WEDNESDAY, MARCH 22, 2017
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IOWA CITY, Iowa (March 22, 2017) — Despite demonstrated threats to health and property for neighbors, new limits on nuisance lawsuits would set an even higher bar for neighbors of large livestock operations to protect themselves.
“The legislative climate is not friendly to local decision making already, and limits on nuisance suits make it more difficult for neighbors to defend their health and financial security,” said David Osterberg, environmental researcher for the Iowa Policy Project and co-author of a new report.
Osterberg, a professor of occupational and environmental health at the University of Iowa, and James Merchant, professor emeritus and former dean of the UI College of Public Health, found in their report that the public health consequences are as significant as governance issues in limiting responses to inadequate public policy governing confined animal feeding operations, or CAFOs.
Legislation already has passed the Iowa Senate to limit damages in nuisance lawsuits, and a similar bill is pending in the Iowa House.
“The human health impacts of proximity to CAFOs can be significant, as research has shown for many years now. When children have asthma and other breathing problems in greater numbers when the live or go to school near CAFOs, policy makers should take note. And when they will not, where should their families turn?” Osterberg said.
“Until now, one opportunity has been the courts. Now, that opportunity is threatened.”
The report notes that the legal definition of a nuisance dovetails with the broad definition of public health, which not only includes severe personal health issues but also evidence of irritation and annoyance, and loss of enjoyment of one’s home, property and community.
“The impairment may rise to the level of a serious illness or injury, a medical condition, such as exposure to CAFO airborne pollution that causes or exacerbates asthma or obstructive lung disease,” the researchers wrote.
The paper cites various reports examining the health impacts that emerge from proximity to CAFOs, from sensation of irritation, mental and/or physical discomfort, and annoyance — such as a foul odor that results in nausea.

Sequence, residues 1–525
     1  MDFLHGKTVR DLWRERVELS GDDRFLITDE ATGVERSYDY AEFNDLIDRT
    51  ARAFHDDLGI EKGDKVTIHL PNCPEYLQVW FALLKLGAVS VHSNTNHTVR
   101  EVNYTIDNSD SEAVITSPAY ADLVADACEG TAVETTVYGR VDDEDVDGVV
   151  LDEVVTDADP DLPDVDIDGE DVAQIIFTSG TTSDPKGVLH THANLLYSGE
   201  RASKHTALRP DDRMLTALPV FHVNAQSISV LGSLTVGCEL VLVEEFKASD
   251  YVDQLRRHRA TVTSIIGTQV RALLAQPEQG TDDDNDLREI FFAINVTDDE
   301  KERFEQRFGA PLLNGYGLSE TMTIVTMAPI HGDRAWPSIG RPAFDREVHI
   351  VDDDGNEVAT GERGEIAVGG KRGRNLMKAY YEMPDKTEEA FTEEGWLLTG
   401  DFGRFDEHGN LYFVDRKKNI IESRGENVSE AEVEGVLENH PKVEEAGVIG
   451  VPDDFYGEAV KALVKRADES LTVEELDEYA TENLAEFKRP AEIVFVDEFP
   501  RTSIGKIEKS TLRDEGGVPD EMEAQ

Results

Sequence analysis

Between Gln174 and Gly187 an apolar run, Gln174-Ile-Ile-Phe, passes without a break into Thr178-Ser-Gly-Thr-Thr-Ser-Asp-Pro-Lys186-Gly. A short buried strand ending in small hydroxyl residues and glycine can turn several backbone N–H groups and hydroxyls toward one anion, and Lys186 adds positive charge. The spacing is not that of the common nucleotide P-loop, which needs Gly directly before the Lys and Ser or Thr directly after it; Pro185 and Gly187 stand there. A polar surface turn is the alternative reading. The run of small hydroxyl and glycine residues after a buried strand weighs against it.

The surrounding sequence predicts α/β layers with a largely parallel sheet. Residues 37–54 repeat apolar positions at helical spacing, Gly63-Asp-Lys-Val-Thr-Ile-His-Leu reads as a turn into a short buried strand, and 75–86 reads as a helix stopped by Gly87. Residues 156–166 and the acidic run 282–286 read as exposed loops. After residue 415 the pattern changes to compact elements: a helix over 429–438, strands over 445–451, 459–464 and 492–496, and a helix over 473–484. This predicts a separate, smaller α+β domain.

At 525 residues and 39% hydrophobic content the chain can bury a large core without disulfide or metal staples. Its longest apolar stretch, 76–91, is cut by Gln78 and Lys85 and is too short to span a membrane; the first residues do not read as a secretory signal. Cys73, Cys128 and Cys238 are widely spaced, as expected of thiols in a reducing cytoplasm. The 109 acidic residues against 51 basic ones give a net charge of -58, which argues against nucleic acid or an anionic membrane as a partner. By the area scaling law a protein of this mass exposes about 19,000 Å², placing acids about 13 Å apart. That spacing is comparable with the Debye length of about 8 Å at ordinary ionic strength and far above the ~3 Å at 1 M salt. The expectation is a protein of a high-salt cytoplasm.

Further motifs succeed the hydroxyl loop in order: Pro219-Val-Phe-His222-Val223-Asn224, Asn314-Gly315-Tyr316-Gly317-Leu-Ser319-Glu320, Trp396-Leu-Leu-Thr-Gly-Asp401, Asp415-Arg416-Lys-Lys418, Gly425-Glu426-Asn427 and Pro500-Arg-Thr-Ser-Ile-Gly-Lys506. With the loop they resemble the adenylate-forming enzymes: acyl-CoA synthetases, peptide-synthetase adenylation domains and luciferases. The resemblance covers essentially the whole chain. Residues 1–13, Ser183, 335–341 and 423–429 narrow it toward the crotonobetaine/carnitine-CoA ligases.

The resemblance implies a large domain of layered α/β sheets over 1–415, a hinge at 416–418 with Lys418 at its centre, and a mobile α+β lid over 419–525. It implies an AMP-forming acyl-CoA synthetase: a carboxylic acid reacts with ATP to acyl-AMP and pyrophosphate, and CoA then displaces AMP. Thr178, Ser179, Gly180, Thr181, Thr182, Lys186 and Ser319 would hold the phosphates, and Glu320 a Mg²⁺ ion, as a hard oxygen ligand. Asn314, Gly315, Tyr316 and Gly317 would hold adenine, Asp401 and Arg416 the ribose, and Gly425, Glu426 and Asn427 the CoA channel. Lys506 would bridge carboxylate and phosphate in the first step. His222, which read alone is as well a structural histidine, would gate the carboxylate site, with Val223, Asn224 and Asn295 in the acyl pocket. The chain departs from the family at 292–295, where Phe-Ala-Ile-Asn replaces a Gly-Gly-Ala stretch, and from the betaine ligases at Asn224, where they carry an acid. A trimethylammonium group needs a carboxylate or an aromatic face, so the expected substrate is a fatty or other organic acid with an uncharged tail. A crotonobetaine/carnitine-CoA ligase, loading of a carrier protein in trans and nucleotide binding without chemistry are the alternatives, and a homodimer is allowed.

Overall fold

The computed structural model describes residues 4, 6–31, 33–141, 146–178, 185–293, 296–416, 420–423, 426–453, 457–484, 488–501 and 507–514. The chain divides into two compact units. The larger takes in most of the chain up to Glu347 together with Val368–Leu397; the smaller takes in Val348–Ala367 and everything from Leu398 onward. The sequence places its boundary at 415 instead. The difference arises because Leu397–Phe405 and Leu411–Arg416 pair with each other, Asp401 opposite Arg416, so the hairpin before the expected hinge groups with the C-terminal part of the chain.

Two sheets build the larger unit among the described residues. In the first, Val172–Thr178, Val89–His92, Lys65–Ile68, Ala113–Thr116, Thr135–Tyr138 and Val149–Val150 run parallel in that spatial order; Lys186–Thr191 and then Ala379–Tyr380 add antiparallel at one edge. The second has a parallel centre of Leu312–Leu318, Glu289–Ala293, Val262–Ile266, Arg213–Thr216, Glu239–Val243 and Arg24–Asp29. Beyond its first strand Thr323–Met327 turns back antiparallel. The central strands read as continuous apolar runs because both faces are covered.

“The scientific literature is extensive on real-life impacts of exposure to CAFOs and adverse health effects,” Osterberg said.
Documented activities impacting “beneficial use of property” and “quiet enjoyment of life” included “working outside, growing vegetables, sitting outside, eating outside, gardening, playing, barbequing, use of well water, sleeping, opening doors and windows, hanging out with neighbors, having family and guests over, and drying laundry among others.”
In Iowa, one study found a high prevalence of asthma among rural children living on swine farms. Another that found a significantly higher level of doctor-diagnosed asthma among children attending school within a half-mile of a CAFO than in children attending school over 10 miles from a CAFO.
“Together, these studies find documented evidence of nuisance and injury among rural dwellers living up to three miles from the nearest CAFO,” the researchers wrote.
The researchers also reported that a CAFO moving into the neighborhood can cause an extreme loss of property value.
“Iowa lawmakers need to know the real effect on health and on property values of their policy choice,” the researchers concluded. “Should they severely limit adversely affected neighbors’ remaining protection against a politically powerful and well-funded industry whose impact on public health has already reached the tipping point?
“Or, should they let citizens keep long upheld rights and force the industry to clean up so as to minimize odor nuisance and impacts on the public’s health?”
The report is available on the Iowa Policy Project website at www.iowapolicyproject.org.
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The Iowa Policy Project gratefully acknowledges the McKnight Foundation and the Fred and Charlotte Hubbell Foundation for their generous support of IPP’s environmental research. All findings and opinions in the report are solely the responsibility of the authors and the Iowa Policy Project.